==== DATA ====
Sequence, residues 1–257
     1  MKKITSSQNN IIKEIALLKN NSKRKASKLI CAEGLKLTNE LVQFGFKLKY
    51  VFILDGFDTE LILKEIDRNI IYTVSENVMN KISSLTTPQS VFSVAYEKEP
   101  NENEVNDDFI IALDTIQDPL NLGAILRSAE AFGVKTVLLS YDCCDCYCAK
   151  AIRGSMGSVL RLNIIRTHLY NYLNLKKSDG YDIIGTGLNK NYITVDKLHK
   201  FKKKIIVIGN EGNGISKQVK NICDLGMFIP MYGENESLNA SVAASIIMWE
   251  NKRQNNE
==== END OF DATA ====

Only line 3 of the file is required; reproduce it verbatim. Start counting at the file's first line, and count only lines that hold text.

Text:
    51  VFILDGFDTE LILKEIDRNI IYTVSENVMN KISSLTTPQS VFSVAYEKEP